Short answer is no - not that anyone involved in this can find.
These type of businesses are you have seen know how to stay right inside of all current laws. On top of that, many are now starting to go out of the country and so good by any chance of doing anything against them.
The current laws focus on the individuals.
So, some of us get quite upset with the increase of fakers, under trained dogs, and dogs that have no business out in the public to begin with. Experienced lobbyists dealing with SD laws have told us do not try to get anything passed on the Federal Level but go to the individual states.
I've started on a small level speaking to my Representative on this matter and he is interested in it. I just have to find the way to schedule the time to devote to this.
From ADAP blog ... (Still in the process of beging set up)
Legitimate Vests, Patches and ID Tags
Posted on August 12, 2011
There are places on the Internet to buy legitimate vests, patches and ID tags. Owners can even order elsewhere or make their own. What we are trying to make against state law is people who charge to enter a dog on a worthless registry and/or to sell fake certs or ID that claim certification with nothing to back it up. These businesses or individuals should be held accountable to what they are certifying and how they determine such. Are they testing the dog through such means as a PAT or making sure the dog is of proper temperament? Are they willing to stand behind that cert if the SD team must appear in court?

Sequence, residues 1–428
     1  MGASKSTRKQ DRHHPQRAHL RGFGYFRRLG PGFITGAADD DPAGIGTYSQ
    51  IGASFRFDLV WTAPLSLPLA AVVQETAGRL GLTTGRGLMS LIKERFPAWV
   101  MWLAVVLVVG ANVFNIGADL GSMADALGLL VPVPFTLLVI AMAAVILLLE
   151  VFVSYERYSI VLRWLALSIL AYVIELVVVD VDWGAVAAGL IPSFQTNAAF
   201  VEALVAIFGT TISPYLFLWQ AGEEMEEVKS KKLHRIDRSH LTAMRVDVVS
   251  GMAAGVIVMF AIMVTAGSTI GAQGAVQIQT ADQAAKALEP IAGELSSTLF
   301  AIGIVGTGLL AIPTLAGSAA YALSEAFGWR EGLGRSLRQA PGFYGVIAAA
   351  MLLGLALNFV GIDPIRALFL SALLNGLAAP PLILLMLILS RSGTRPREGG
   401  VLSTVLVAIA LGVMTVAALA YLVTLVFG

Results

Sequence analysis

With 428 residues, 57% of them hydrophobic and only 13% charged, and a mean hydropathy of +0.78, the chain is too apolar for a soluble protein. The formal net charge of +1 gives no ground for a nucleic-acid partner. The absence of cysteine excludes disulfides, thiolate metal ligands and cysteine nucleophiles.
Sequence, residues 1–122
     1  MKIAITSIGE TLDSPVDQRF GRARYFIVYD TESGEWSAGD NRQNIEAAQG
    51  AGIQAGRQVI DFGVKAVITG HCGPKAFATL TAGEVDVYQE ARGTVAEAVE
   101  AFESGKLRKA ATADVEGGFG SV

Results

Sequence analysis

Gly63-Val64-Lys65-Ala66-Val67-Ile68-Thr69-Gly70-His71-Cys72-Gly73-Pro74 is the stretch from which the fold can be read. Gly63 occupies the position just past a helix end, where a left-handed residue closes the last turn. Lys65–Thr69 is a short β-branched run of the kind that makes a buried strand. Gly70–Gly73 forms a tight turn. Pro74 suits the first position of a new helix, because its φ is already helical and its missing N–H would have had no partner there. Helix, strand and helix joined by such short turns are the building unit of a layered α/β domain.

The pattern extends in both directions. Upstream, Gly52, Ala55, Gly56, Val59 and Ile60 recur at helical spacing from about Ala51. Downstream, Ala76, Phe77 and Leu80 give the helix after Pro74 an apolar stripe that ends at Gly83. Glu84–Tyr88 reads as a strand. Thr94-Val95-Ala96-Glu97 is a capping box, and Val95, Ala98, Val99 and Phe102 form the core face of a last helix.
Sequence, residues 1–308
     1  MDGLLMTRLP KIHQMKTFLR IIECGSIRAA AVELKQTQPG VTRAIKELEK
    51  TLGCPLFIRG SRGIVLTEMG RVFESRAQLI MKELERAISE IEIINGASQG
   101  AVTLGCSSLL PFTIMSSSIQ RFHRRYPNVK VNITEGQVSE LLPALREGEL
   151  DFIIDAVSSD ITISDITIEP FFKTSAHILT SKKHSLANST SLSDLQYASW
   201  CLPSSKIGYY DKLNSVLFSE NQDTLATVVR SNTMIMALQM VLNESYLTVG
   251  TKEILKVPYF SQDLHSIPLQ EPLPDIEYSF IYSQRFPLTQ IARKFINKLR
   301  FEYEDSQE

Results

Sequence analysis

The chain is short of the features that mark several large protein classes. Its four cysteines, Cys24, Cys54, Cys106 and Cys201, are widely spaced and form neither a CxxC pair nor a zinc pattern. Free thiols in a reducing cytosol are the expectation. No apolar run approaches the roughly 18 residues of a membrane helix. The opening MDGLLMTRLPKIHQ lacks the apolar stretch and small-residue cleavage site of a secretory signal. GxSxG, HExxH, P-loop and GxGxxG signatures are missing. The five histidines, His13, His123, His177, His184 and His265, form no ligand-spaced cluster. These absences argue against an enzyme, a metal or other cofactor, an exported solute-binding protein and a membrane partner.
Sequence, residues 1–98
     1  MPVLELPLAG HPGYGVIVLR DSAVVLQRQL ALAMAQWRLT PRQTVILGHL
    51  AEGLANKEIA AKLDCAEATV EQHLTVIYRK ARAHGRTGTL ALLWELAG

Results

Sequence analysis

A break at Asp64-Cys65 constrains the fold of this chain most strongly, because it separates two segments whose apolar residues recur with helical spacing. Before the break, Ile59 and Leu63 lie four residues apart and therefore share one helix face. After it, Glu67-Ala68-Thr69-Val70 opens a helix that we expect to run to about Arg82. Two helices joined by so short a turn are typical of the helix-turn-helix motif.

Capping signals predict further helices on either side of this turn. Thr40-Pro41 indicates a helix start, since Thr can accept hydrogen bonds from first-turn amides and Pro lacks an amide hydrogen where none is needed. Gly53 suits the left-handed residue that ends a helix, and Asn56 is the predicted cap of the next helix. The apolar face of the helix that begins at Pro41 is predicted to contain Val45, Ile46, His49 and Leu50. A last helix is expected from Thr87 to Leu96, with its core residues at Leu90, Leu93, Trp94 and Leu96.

We would like it to be through state statute unlawful- with a possible charge of fraud – to sell a certification or item stating *certified* without anything to back it up. Against state statute to sell a certification without a knowledge of the dog’s training and suitability to go into the public as a working dog. Certification is not required under Federal Law
– so those that sell it should be held to some minimum standards.
One possible requirement that could be added to this statute would be that if an agency, organization, or individual certifies a dog as an Assistance/Service Dog then they should make available liability insurance on that dog for a minimum amount of time. Not possible? Why not? Some Therapy Dog organizations have a million dollar policy on dogs that they test and register (and not even certify) while these dogs are actively working in that capacity. Should not organizations that register or certify Service Dogs also do the same for a minimum period of time?